BAKU, 7 November 2005 - The 6 November parliamentary elections in Azerbaijan did not meet a number of OSCE commitments and Council of Europe standards for democratic elections, concluded the International Election Observation Mission in a preliminary statement released today in Baku.
While there were improvements in some respects during the pre-election period, uncertainty was evident with regard to key aspects of the process such as voter registration, and continued restrictions on the freedom of assembly, a fundamental right, marred the campaign period.
Voting was generally calm, but the election day process deteriorated progressively during the counting and, in particular, the tabulation of the votes. The mission deployed 665 observers from 42 countries for the election, visiting more than half of all polling stations in the country.
"The shortcomings that were observed, particularly during election day, have led us to conclude that the elections did not meet Azerbaijan's international commitments on elections. It pains me to report that progress noted in the pre-election period was undermined by significant deficiencies in the count", said Alcee L. Hastings, President of the OSCE Parliamentary Assembly and the Special Co-ordinator for the short-term observers.
Despite an inclusive candidate registration, which provided for a competitive election in most constituencies and enhanced voter choice, interference from executive authorities and media bias favoring incumbents resulted in a failure to provide equitable conditions for all candidates during the campaign period. At times, civil and political rights were infringed upon and there was harassment and intimidation of some candidates and their supporters. The complaints and appeals process overall did not provide redress for these shortcomings.
The Head of the delegation from the Parliamentary Assembly of the Council of Europe, Leo Platvoet, said: "The Council of Europe is the guardian par excellence of democratic principles. These were not fully respected in this election."
The elections' shortcomings of included interference of local authorities, disproportionate use of force to thwart rallies, arbitrary detentions, restrictive interpretations of campaign provisions, unbalanced composition of election commissions and the failure of those commissions to effectively address a number of issues.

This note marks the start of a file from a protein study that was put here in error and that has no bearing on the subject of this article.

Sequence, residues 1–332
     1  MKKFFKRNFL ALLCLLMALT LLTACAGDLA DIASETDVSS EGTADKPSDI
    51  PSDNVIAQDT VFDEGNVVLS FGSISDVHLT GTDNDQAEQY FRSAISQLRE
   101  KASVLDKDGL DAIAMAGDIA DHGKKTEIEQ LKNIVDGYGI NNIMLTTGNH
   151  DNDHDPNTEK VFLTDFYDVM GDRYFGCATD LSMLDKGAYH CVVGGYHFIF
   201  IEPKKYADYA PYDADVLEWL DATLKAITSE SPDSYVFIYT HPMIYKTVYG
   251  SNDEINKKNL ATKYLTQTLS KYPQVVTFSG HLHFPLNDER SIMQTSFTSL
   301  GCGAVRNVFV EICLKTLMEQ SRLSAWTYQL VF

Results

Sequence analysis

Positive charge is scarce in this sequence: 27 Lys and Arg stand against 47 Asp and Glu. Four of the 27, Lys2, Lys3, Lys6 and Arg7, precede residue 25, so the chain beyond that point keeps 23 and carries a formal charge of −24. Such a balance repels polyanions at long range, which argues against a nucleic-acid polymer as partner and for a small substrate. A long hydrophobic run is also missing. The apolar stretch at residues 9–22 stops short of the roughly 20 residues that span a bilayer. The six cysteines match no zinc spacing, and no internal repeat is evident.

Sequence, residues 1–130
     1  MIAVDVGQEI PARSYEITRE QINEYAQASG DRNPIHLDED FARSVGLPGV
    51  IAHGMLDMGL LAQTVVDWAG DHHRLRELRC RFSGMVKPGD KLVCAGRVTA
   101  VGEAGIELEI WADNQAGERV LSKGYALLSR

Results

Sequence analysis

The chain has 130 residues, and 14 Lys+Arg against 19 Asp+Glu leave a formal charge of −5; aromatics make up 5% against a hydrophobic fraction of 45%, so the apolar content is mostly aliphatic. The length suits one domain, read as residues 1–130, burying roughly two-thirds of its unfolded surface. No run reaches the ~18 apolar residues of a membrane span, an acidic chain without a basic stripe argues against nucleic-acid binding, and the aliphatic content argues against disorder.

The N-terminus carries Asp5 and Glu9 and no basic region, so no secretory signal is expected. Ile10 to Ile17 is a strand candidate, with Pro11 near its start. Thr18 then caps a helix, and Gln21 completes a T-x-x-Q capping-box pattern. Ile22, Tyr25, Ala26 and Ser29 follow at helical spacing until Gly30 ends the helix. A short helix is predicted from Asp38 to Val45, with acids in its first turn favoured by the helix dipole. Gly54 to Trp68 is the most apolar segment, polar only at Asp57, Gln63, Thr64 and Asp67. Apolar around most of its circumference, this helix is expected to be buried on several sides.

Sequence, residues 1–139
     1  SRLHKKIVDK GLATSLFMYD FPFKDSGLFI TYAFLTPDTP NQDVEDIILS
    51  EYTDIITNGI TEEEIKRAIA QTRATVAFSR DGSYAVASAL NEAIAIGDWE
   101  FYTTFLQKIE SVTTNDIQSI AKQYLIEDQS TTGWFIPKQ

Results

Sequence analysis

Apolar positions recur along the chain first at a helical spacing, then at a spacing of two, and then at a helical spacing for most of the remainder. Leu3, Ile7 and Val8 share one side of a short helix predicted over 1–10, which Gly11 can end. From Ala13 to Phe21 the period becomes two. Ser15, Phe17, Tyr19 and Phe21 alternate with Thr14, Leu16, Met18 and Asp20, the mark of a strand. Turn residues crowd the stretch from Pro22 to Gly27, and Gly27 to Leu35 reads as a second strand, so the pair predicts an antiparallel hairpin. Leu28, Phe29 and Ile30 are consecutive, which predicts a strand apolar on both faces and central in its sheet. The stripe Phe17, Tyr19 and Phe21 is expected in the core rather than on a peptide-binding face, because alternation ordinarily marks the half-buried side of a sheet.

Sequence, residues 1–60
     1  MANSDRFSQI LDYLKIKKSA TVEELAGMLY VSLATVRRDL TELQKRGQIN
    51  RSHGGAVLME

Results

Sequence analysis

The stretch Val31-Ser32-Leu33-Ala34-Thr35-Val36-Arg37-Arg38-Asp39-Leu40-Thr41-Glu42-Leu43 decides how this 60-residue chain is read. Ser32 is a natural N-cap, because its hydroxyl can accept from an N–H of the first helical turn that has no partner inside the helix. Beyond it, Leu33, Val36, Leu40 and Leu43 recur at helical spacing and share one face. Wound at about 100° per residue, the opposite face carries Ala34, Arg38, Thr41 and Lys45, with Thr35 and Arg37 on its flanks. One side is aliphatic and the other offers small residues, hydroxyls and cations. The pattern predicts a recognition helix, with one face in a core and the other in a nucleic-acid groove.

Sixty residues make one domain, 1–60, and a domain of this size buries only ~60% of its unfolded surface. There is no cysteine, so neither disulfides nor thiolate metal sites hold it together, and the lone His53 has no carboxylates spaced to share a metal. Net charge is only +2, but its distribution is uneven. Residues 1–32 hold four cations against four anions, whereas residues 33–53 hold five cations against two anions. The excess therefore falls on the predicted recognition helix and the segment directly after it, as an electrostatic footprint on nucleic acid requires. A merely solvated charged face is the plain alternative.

Improvements were noted regarding allocation of free airtime on state-funded media to candidates, the possibility to hold numerous rallies, inking of voters' fingers to prevent fraud, a voter education campaign, distribution of new identification documents, the reinstating of a candidate who was wrongfully denied registration and transparency in the work of many election commissions.
Marie Anne Isler Beguin, Head of the European Parliament delegation added: "I welcome the inking of voters' fingers for this election which, despite the late decision to introduce this measure, was a credible attempt to guard against possible multiple voting."
"The role of domestic observers is crucial in any election in order to promote transparency and increase confidence in the voting process", said Michael Clapham, Head of the NATO Parliamentary Assembly delegation. "It was encouraging to see so many local observers present in polling stations but this was undermined by consistent reports that many faced problems, including intimidation, being expelled from polling stations and not receiving protocols and other information."
On election day, observers assessed voting negatively in 13 per cent of polling stations visited. Observers witnessed attempts to influence voter choices, unauthorized persons interfering in, or directing, the process, as well as cases of ballot stuffing. Inking procedures, in particular the checking of voters' fingers for traces of ink, were not followed in 11 per cent of polling stations visited, with several polling stations not applying the procedure at all. Domestic observers and even members of polling station commissions were observed being expelled from polling stations.
The observers assessed the ballot counting as bad or very bad in 43 per cent of counts observed. They noted a wide range of serious violations, including tampering with result protocols, intimidation of observers, and unauthorized persons directing the process.
Ambassador Geert-Hinrich Ahrens, Head of the OSCE/ODIHR's long-term observation mission, concluded: "Having read the presidential decree of 11 May, I had very much hoped for a better election and consequently a more positive assessment of the International Election Observation Mission. Unfortunately, the results of our observation made this impossible."
A final report will be released approximately six weeks after the completion of the electoral process.